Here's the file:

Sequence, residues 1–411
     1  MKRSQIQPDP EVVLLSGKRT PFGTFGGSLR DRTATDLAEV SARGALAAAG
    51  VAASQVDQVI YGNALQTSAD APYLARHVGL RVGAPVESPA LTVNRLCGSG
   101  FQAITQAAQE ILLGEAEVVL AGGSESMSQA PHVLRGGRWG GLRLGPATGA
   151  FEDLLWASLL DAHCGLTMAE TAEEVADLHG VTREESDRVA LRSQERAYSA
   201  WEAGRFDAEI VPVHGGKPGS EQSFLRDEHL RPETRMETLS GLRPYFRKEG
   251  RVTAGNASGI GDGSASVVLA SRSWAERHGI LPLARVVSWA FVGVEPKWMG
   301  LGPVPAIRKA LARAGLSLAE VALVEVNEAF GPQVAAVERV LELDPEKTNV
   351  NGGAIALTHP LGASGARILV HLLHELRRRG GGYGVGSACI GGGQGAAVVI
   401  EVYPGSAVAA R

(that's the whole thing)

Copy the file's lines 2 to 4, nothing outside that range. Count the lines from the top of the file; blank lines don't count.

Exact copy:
     1  MKRSQIQPDP EVVLLSGKRT PFGTFGGSLR DRTATDLAEV SARGALAAAG
    51  VAASQVDQVI YGNALQTSAD APYLARHVGL RVGAPVESPA LTVNRLCGSG
   101  FQAITQAAQE ILLGEAEVVL AGGSESMSQA PHVLRGGRWG GLRLGPATGA